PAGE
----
Monday, June 18, 2007

Seven Questions About Real Madrid

Watching yesterday’s stirring Real Madrid victory over Mallorca was probably the most fun I’ve had watching a game this year. Not only did Real win the game, but they did it in their own particular style, coming from behind to win the game and the Liga title over Barca. I loved every minute of it.

Since I live in the U.S., I have the luxury of supporting a number of clubs around the world. Aside from my hometown New England Revolution, I like Fiorentina in Italy, Sheffield United in England and Real Madrid in Spain. Of course, it was nearly a very dry season. Sheffield was relegated (virtually assuring I will not see them on television for all of next year) while Fiorentina had to fight for its life after a huge points deduction. Real Madrid, meanwhile, started the season with some hope before nearly collapsing around the holidays due to infighting, out-of-control egos, poor coaching and even poorer play. On January 7, I tried a new gimmick column where I “graded” every player on the team after a particularly frustrating loss. I didn’t keep up with the idea because this is a general interest football page and not one dedicated solely to Real Madrid. But today I want to talk about the blancos a little more, looking forward to next season in celebration of the great victory they have achieved this weekend. Below are seven questions every Real fan needs to ask as they finally head into the silly season.

What’s Capello Going to Do?

Head Coach Fabio Capello had a strange year. He began the season with great promise and expensive new signings. He loaded up even more during the winter break. But the first half of the year was a disaster; winnable games were lost and even wins were completed in a grim and boring style. There was serious talk of the great coach being fired around Christmas. After the holidays he benched David Beckham, a move he himself later judged to be among the worst decisions of his career. (This week he said Beckham was one of the greatest players he has ever coached.)

On the plus side, Capello eventually reinstated the former English skipper and the club went on an unprecedented winning streak that culminated in the league title, Real’s first in four years. By the end of the season Real was virtually spotting the opposition a goal every time then coming back with two or three of their own. Capello got the boys to believe in what they were doing, and by admitting and correcting his own mistakes, he saved the season. Should he be brought back? Yes? Will he? I don’t know; no one is even sure if he wants to come back at this point.

Why would Real Madrid let some homeless man play center-forward for them, and while wearing Raul’s shirt, no less?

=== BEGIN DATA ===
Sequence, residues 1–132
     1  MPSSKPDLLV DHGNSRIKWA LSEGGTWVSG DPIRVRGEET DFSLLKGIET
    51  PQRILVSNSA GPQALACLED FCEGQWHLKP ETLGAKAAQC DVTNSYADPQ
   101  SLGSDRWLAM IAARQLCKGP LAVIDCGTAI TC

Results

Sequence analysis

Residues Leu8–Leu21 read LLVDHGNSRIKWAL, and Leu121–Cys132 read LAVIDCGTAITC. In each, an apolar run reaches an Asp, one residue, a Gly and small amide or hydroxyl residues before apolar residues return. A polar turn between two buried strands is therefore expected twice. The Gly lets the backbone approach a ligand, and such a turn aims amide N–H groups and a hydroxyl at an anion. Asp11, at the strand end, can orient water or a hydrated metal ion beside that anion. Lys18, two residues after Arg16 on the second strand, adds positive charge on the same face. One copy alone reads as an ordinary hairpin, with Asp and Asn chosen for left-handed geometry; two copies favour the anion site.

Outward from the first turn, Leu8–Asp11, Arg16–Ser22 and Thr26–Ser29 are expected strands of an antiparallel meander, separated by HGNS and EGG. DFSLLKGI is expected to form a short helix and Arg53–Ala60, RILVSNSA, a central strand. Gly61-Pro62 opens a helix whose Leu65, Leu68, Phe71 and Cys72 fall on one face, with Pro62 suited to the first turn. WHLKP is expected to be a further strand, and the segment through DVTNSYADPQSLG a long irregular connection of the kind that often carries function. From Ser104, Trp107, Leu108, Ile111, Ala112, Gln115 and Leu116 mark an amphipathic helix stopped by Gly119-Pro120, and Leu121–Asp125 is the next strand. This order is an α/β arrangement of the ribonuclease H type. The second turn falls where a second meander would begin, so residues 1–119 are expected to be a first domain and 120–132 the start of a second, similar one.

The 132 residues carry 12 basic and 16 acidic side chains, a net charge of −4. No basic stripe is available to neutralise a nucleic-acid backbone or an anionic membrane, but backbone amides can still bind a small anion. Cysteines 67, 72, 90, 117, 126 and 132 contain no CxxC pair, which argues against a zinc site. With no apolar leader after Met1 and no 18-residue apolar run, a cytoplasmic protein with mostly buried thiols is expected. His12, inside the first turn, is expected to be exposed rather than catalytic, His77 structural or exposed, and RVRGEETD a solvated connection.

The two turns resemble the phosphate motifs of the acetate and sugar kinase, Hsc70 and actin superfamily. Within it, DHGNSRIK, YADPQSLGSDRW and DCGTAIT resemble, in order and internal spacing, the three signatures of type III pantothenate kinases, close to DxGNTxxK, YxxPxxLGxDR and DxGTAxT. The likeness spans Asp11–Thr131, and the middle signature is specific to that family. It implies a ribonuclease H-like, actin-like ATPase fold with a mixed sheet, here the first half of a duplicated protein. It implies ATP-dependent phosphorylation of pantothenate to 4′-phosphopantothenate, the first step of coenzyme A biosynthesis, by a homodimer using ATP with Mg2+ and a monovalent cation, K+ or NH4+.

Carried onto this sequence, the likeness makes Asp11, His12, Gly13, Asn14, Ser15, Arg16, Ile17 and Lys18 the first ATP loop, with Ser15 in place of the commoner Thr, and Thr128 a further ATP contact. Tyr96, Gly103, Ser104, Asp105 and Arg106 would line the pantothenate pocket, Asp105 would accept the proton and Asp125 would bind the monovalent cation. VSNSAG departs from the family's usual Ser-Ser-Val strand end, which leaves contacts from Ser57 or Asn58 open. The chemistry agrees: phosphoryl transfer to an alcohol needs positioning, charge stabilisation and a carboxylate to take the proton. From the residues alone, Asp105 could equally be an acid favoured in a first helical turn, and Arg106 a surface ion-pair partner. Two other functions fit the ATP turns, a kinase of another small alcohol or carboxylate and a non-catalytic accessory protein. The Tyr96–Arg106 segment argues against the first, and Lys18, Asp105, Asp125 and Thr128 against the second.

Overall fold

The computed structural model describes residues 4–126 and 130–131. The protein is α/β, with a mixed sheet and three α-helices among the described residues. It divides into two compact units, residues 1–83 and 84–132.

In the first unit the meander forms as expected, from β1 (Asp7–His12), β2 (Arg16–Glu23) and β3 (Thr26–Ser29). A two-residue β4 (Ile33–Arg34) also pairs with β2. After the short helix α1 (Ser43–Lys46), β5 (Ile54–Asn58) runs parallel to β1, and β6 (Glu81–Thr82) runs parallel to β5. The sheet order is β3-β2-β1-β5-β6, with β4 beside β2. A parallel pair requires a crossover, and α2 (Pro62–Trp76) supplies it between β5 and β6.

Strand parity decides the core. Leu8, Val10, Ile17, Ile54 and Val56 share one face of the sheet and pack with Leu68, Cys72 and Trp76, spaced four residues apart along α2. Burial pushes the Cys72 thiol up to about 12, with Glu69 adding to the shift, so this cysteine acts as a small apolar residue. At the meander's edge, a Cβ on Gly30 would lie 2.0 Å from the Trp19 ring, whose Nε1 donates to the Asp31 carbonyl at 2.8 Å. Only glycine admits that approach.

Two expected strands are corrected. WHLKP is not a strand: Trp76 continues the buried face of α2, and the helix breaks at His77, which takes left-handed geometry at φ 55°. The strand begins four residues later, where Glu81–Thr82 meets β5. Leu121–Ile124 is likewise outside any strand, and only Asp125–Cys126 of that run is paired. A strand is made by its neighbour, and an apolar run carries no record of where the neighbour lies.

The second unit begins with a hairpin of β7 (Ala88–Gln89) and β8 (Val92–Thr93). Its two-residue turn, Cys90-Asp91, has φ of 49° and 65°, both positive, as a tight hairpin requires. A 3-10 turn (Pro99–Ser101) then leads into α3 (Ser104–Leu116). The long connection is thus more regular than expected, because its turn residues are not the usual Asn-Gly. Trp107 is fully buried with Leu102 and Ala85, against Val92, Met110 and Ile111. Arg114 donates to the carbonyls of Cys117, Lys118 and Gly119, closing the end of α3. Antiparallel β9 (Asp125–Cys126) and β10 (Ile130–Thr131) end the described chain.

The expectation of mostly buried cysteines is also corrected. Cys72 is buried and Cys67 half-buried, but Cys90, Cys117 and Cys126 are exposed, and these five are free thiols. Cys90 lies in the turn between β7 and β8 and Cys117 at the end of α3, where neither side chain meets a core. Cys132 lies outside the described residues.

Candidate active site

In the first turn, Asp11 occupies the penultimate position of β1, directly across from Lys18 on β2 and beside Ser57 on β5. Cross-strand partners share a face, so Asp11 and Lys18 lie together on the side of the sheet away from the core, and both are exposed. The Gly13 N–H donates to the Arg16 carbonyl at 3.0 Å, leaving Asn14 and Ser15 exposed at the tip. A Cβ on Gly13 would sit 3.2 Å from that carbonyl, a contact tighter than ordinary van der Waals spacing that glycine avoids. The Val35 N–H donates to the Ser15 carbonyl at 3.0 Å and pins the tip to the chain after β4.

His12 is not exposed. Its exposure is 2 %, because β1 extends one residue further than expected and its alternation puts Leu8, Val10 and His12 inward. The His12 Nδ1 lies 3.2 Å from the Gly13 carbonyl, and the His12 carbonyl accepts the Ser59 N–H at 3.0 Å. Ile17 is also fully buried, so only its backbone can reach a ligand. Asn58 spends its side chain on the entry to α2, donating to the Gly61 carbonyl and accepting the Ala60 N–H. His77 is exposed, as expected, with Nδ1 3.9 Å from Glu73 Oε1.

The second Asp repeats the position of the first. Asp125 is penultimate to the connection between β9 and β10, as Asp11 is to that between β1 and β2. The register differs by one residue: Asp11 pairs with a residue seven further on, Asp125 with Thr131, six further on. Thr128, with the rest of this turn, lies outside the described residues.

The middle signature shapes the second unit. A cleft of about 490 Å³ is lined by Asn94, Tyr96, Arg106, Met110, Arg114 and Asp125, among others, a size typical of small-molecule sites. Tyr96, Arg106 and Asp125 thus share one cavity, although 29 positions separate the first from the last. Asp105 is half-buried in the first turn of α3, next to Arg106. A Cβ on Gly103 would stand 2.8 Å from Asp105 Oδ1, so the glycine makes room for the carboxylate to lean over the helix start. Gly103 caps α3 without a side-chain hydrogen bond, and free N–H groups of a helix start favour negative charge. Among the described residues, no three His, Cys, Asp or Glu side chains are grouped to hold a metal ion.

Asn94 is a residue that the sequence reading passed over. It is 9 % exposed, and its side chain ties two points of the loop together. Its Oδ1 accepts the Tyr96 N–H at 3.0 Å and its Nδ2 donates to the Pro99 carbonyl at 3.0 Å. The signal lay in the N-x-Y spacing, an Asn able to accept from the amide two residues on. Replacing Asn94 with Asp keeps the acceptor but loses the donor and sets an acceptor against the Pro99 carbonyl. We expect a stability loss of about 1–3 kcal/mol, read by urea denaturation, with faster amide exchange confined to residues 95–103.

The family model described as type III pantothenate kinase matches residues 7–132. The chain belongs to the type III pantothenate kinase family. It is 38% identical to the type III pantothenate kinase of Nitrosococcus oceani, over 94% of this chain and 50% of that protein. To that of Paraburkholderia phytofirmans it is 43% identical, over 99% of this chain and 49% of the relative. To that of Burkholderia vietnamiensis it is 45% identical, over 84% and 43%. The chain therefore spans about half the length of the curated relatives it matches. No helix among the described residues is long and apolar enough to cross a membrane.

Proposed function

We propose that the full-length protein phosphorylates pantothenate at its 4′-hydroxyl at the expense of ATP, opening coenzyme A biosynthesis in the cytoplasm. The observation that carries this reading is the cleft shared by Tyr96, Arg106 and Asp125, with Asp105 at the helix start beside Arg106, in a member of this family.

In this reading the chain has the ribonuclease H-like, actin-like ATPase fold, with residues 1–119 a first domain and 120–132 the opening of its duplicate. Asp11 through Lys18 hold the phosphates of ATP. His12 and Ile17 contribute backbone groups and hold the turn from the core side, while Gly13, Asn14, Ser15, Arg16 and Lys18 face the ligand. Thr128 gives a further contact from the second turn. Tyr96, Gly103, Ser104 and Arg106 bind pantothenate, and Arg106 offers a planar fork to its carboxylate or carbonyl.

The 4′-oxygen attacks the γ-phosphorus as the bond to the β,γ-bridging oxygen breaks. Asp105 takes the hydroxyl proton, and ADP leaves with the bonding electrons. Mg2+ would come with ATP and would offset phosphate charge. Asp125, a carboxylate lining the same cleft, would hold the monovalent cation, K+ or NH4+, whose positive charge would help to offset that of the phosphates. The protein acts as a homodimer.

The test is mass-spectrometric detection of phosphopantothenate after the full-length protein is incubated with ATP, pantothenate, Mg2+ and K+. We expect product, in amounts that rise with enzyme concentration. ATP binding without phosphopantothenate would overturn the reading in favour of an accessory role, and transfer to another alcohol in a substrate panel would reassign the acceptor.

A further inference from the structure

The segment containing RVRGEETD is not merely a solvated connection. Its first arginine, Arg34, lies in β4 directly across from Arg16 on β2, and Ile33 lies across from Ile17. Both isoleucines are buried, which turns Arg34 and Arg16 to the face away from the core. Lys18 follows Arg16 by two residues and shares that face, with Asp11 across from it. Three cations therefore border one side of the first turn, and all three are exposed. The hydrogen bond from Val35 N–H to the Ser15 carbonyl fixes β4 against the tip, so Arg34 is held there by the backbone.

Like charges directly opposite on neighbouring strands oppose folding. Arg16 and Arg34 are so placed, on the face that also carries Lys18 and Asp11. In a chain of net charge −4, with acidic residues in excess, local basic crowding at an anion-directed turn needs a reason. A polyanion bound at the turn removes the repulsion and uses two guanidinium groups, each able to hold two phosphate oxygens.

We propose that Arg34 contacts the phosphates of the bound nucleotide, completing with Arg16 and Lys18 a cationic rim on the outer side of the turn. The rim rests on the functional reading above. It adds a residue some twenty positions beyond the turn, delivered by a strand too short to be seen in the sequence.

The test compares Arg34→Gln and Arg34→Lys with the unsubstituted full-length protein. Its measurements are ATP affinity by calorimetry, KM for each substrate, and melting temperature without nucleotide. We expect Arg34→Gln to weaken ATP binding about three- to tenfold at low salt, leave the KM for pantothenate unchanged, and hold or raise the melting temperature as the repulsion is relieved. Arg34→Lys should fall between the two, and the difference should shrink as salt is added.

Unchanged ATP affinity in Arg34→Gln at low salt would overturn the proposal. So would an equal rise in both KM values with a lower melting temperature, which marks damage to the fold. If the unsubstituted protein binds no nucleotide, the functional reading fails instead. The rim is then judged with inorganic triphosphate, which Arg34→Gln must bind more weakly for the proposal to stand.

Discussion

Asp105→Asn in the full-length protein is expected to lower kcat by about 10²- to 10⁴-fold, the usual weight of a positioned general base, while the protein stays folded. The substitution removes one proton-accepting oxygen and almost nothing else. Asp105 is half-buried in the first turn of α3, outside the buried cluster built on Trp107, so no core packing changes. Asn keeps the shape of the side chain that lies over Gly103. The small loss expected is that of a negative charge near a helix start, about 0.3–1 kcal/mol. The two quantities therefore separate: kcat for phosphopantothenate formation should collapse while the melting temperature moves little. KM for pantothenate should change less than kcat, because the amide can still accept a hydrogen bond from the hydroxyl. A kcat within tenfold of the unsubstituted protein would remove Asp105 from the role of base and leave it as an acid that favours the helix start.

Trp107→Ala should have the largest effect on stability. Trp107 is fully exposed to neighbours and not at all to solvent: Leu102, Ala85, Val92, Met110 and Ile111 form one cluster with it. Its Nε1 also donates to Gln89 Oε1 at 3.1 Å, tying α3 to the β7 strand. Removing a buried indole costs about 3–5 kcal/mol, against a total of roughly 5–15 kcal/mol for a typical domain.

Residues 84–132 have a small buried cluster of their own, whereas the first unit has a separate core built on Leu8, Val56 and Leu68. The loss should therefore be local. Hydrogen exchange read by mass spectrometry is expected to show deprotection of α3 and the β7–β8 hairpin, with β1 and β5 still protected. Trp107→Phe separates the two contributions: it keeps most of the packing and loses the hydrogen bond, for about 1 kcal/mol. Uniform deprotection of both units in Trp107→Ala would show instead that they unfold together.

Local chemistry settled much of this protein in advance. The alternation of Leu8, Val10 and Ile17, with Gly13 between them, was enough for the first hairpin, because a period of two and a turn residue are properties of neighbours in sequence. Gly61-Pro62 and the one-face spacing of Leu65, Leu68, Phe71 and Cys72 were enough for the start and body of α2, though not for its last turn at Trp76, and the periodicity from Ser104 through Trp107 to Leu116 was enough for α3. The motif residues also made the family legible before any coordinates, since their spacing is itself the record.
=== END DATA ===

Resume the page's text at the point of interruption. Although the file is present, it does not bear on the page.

Wait, that was Raul. He just played the entire season like a homeless man who had never seen a football before, alternating between being terrible and being invisible. Capello’s hard-man coaching style did not extend to Raul, probably the only sacred cow left in Real’s stable. Will they put up with another year of this for the fans or finally get some help for van Nistleroy? Stay tuned…

Who will replace Beckham?
David Beckham, along with Rudd van Nistleroy, was Real’s best player and arguably one of the five or six best players in all of Spain for the last two months of the season. We all know he is going to LA to become a scientologist, but who will play the Beckham role for Madrid? Franck Ribery was an appealing option, but he has gone to Bayern Munich. Real will have to look elsewhere, and replacing his passing, crosses, free kicks, and leadership will not be easy.

What’s the future of Robinho?
Robinho, at times, looks like he has the potential to be the best player in the world. And I love how he attacks, attacks, attacks. But he was given a major chance to start a bunch of games at the tail end of the season and didn’t produce like his fans had hoped. Like Christiano Ronaldo, he needs to move from the pretty stepovers to finishing, and he needs to do it soon. There are rumors he may be sold this summer; if not, he probably has one more chance to prove himself, and I sure hope he does.

How fast is Cannavaro going to high-tail it back to Italy?
Presumably, very fast. As I said in my January 7 column, there has probably never been a worse reining player of the year than Fabio Cannavaro, who has had some nice moments but generally has looked startlingly slow as opponents have continuously blown by him for easy goals. Cannavaro was more comfortable in defensive-minded Italy, and Real needs a stopper in the back that allows the hugely talented Sergio Ramos to go forward.

What will Real do on the transfer market?
Most of the news involves Kaka, with a smattering of stories about Henry. Obviously, either one would look great in the white shirt, but someone would need to explain to me why AC Milan/Arsenal would sell either one. Regardless, Madrid needs help at forward, on the wings and at center back. Plus, they have to fill the geriatric shoes of Roberto Carlos. And there could be, of course, massive changes at Barca, where everyone seems to be available except for little Leo Messi. Hard not to imagine there won’t be one major (dare I say “galactic”) signing.

Am I looking forward to my vacation for Ray Hudson?
In a word: yes. Like a kid looking forward to Christmas.

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